Accelerate Your Advertising and PR – Surviving the Recession – Part 3 of 7

This is a photo of a Boeing 747-200. This aircraft requires 219,000 foot pounds of thrust to get airborne, but only 100,000 foot pounds to cruise at altitude.

Think of your ads as the jet engines which power your company.

As soon as you remove the thrust, you’ve grounded your campaign. And that’s a shame, since it typically takes four to six months for a campaign to start producing solid results.

Conclusion: Do not interrupt your advertising during tough economic times.

Study after study has delivered the same results: companies who pull in their resources and hunker down to ride out the economic uncertainties fall way behind when things get better.

Those same studies show that companies who aggressively pursue revenue in good times and bad leapfrog over their competitors in the following years.

This may take a certain amount of faith, because the evidence that your plan is working won’t be available for months. If you’re getting a bigger share of a shrunken pie, it may appear that you’re standing still. At least, for now. When the pie grows, your share will grow, too.

Think of it as buying market share at a discount.

There are two reasons your dollars go further in slow times.

First, when you’re one of the few voices still speaking to the market, your share of mind increases.

Second, when you’re one of the few active voices, all of your media representatives will suddenly become VERY negotiable when it comes to rates.

The average recession in the U.S. has historically lasted eleven months. We’re half way into this one, so during your negotiation be sure to lock in those new, lower rates for a full year. (Longer if the media will allow it).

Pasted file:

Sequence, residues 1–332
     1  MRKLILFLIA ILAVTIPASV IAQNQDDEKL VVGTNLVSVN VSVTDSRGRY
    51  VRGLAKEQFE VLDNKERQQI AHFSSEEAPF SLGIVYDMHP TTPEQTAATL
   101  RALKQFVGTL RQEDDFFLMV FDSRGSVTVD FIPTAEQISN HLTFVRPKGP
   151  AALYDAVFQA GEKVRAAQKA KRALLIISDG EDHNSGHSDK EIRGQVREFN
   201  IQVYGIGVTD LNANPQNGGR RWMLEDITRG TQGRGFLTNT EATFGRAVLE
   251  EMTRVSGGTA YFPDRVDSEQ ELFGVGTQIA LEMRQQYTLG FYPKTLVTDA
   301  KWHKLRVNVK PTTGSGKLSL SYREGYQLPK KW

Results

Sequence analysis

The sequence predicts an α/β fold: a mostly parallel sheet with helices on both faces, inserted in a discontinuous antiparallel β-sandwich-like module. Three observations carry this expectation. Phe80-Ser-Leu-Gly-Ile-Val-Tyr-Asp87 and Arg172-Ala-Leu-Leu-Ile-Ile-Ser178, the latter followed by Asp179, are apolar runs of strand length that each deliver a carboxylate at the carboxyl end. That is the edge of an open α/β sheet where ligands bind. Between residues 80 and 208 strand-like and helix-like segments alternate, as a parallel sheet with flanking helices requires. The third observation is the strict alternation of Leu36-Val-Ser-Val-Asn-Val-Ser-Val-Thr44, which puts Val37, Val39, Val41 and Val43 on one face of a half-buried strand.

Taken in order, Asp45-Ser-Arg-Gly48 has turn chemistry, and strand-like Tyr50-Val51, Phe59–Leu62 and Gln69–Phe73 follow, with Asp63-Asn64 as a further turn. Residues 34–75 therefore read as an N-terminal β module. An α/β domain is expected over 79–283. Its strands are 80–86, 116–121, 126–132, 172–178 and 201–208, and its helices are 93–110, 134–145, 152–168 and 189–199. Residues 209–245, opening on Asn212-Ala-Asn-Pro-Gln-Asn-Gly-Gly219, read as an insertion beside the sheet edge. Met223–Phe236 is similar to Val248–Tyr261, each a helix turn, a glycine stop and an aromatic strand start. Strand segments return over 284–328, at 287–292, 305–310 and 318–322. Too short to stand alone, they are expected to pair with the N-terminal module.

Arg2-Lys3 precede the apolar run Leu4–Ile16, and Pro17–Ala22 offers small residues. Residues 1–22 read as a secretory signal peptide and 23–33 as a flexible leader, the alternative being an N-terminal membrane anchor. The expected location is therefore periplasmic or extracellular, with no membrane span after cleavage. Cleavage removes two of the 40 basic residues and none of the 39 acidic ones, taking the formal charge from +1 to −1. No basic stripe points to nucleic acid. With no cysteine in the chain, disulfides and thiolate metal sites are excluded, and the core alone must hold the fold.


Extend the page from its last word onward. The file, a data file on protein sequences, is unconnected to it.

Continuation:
What does advertising do?

No matter what the economy, aggressive advertising can:

  • Generate immediate sales
  • Upsell current customers
  • Provide new leads and prospects
  • And, don’t overlook the long-term benefit: the more people feel familiar with you, the more likely they are to choose to do business with you.

    The strength of your advertising, and the revenue which results from it, will depend largely on your focus up to this point.

    Direct response will be less effected by the economy than will image advertising. The more transactional your messages have been (full of facts and details), the more you can expect business to continue.

    But, if you’ve been using brand-oriented messages (service and commitment based), don’t change them, since they tend to pay off better the longer you use them. (Remember, only 100,000 foot pounds of thrust to remain airborne). You will, however, want to create an additional transactional package to generate immediate cash, and to cover today’s operational costs.

    Focus on Value – and on family values.

    At times of economic uncertainty, people tend to “cave.” They spend much more time at home with their families.

    Consider using family scenes in your ads where possible. Dump the rugged individual image. Extreme sports and adventure are bad images during a recession.

    Do your ads cultivate a trust factor?

    Is the ad about you, or about your customer?

    Are you talking directly to your customer?

    Are your claims credible, or full of hype and sensationalism?

    Do you make a claim with full intention of backing it up, or do you know you’ll have to explain that claim because people will not understand the weasel clauses?

    Can you use someone else’s credibility?